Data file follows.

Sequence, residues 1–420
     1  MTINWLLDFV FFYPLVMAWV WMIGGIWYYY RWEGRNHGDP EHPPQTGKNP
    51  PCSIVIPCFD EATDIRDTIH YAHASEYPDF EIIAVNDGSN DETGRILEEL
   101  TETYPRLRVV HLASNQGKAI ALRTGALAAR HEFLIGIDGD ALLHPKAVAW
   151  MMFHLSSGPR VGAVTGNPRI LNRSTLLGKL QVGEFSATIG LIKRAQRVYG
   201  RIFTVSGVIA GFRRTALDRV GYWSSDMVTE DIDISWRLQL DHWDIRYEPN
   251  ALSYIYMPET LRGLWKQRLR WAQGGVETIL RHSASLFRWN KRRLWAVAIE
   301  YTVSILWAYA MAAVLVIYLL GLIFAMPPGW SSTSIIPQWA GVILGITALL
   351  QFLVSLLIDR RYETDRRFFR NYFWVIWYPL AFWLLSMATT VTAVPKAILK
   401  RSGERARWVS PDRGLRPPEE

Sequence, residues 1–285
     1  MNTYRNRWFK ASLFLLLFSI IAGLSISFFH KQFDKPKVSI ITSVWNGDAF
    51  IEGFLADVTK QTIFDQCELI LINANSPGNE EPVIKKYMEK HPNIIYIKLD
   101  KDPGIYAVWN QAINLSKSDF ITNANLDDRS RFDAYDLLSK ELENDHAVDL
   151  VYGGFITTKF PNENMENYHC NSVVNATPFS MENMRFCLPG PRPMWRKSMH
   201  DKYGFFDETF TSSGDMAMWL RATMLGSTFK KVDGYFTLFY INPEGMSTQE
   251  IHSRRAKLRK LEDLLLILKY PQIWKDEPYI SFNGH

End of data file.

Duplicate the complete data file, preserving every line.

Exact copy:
Sequence, residues 1–420
     1  MTINWLLDFV FFYPLVMAWV WMIGGIWYYY RWEGRNHGDP EHPPQTGKNP
    51  PCSIVIPCFD EATDIRDTIH YAHASEYPDF EIIAVNDGSN DETGRILEEL
   101  TETYPRLRVV HLASNQGKAI ALRTGALAAR HEFLIGIDGD ALLHPKAVAW
   151  MMFHLSSGPR VGAVTGNPRI LNRSTLLGKL QVGEFSATIG LIKRAQRVYG
   201  RIFTVSGVIA GFRRTALDRV GYWSSDMVTE DIDISWRLQL DHWDIRYEPN
   251  ALSYIYMPET LRGLWKQRLR WAQGGVETIL RHSASLFRWN KRRLWAVAIE
   301  YTVSILWAYA MAAVLVIYLL GLIFAMPPGW SSTSIIPQWA GVILGITALL
   351  QFLVSLLIDR RYETDRRFFR NYFWVIWYPL AFWLLSMATT VTAVPKAILK
   401  RSGERARWVS PDRGLRPPEE

Sequence, residues 1–285
     1  MNTYRNRWFK ASLFLLLFSI IAGLSISFFH KQFDKPKVSI ITSVWNGDAF
    51  IEGFLADVTK QTIFDQCELI LINANSPGNE EPVIKKYMEK HPNIIYIKLD
   101  KDPGIYAVWN QAINLSKSDF ITNANLDDRS RFDAYDLLSK ELENDHAVDL
   151  VYGGFITTKF PNENMENYHC NSVVNATPFS MENMRFCLPG PRPMWRKSMH
   201  DKYGFFDETF TSSGDMAMWL RATMLGSTFK KVDGYFTLFY INPEGMSTQE
   251  IHSRRAKLRK LEDLLLILKY PQIWKDEPYI SFNGH